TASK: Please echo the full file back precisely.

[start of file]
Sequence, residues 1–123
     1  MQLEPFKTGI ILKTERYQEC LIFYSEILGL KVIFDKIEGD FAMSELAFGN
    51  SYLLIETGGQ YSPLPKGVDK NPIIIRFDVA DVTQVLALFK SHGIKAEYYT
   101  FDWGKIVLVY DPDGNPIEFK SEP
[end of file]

Sequence, residues 1–123
     1  MQLEPFKTGI ILKTERYQEC LIFYSEILGL KVIFDKIEGD FAMSELAFGN
    51  SYLLIETGGQ YSPLPKGVDK NPIIIRFDVA DVTQVLALFK SHGIKAEYYT
   101  FDWGKIVLVY DPDGNPIEFK SEP